If your Shopify store accepts PayPal payments, you’ll be able to complete transactions with eBay shoppers without requiring them to do anything more than they would have done to make the purchase on eBay.
You’ll also win that percentage of eBay shoppers that refuse to shop Amazon because they feel protected by PayPal and don’t want to provide their credit cards to “third-party” websites, whatever you think of their preferences and worries.
5. Brand your fulfillment process and use it to drive traffic
If you’re hoping to drive shoppers to your Shopify store from eBay, don’t just toss any on-eBay sales you make into a plain brown box with pillow packs and send them off. If you do, you’ve missed one of the key opportunities to point shoppers toward your Shopify store.
You don’t have to get fancy—just make sure your shoppers know who they’re buying from and how to find you again:
Brand your shipping labels with your logo or affix a separate sticker with your logo on or right above your shipping labels. Be sure that it prominently features your website address!
Consider doing the same on the four visible (non-bottom) sides of the box as well—stickers are relatively inexpensive, particularly if you print them yourself.
Include a postcard, business card, or packing slip in the box that does the same thing. Whichever you choose is fine—remember, the goal is to get your website address and brand in front of your shopper yet one more time.
Preferably also include a code or discount that they can redeem by making their next purchase only at your Shopify store.
Make sure that your fulfillment experience is a positive one—clean boxes, clean packaging materials, well-protected products, and nice visuals—so that you’re making your “come back to my website” pitch in the midst of a good, rather than a bad, experience.
6. Use the right tools to make your life easier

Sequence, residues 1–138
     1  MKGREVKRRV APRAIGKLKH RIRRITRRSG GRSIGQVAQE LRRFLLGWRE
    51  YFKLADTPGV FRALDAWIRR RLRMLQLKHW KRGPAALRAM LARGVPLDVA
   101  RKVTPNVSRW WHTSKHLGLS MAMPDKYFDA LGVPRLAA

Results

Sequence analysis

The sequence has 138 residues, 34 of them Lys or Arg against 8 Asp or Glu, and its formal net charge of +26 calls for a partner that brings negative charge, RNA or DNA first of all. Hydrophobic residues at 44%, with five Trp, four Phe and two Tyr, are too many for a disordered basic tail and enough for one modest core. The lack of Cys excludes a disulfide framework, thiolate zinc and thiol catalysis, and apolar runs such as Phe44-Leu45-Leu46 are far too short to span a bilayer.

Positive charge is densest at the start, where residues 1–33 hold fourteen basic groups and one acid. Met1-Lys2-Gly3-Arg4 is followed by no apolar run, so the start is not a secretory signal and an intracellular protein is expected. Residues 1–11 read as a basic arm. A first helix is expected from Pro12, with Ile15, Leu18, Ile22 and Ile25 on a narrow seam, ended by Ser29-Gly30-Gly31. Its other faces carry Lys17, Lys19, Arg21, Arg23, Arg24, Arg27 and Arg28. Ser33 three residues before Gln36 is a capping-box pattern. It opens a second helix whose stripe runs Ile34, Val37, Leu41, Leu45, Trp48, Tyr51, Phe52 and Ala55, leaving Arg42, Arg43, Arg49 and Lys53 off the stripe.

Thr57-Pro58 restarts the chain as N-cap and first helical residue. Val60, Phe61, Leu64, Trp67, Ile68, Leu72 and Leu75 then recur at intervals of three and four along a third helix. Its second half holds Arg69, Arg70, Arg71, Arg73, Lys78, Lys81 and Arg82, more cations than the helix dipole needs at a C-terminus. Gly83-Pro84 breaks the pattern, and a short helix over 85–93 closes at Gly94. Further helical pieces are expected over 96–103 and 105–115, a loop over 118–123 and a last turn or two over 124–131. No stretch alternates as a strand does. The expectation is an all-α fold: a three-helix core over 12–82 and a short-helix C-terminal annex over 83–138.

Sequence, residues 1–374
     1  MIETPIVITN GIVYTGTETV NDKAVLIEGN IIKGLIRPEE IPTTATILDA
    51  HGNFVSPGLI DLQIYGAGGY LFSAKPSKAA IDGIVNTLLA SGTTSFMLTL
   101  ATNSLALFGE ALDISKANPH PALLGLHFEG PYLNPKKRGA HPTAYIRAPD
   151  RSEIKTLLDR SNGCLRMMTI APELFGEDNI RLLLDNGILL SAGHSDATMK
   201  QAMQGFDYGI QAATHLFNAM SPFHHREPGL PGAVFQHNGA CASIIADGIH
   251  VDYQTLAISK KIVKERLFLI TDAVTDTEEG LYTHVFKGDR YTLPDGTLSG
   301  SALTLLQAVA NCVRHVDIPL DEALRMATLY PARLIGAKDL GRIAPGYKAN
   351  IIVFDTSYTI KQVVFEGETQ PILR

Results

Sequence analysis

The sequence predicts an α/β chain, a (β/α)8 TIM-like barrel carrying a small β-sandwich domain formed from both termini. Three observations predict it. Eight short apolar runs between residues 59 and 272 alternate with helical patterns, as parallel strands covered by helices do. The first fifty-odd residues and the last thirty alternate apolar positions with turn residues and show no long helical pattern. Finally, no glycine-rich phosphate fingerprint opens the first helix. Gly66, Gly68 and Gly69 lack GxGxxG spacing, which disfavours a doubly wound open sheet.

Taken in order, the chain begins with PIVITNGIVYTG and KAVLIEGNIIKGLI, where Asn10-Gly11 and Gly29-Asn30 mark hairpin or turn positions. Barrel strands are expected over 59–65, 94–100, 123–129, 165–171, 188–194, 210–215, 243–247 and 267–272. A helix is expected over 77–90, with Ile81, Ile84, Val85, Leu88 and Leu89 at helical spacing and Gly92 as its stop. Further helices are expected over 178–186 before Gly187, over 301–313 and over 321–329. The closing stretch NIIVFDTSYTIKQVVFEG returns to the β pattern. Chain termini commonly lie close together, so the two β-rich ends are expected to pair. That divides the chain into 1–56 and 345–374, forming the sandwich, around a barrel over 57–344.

Your goal is to use eBay to promote traffic to your Shopify store, not to become an eBay guru—so if it takes you ages to create eBay listings and fulfill eBay orders, you’ll probably stop out of annoyance in no time flat—and lose any benefits you might have otherwise gained.
The way around this is to find and use a tool that will enable you to quickly and easily:
Create eBay listings from your Shopify inventory
Keep your eBay and Shopify inventory levels in sync so that you don’t oversell
Enable you to see and fulfill your eBay orders and respond to eBay messages when you log into Shopify
The most popular tool for doing this is probably inkFrog, which is both inexpensive and well-tested.
The few dollars you’ll spend every month are worth the effort because rather than burn up all of your available time and effort on eBay busywork, you’ll instead be able to spend your time curating your eBay lineup for the best and biggest possible effect.
FishFlix uses inkFrog to manage their eBay-Shopify activity and offers prominent on-site discounts to new Shopify store visitors.
Don’t Let it Be Difficult
It all boils down to some simple advice that you can probably implement in a single afternoon.
Make your eBay presence and Shopify store match. Promote your Shopify store in every box that you send out. Offer a deal to make it worth shoppers’ time to bother to find your Shopify store in the first place. Add PayPal as a payment method to close the sale.
And finally, use an eBay-plus-Shopify seller tool to take most of the extra work off of your hands.
The result? You’ll add a new revenue stream that’s low-maintenance and also has the effect of driving a world of new shoppers to your Shopify store.
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This guest post was written by Aron Hsiao. Aron Hsiao has been an eBay seller since 2000. Aron is a former employee of eBay, a former employee of Terapeak, a leading marketplace analytics application later acquired by eBay, and served as the About.com expert guide to eBay from 2006 to 2014. Aron is proud that in twenty years of eBay activity, he has never received a negative feedback rating.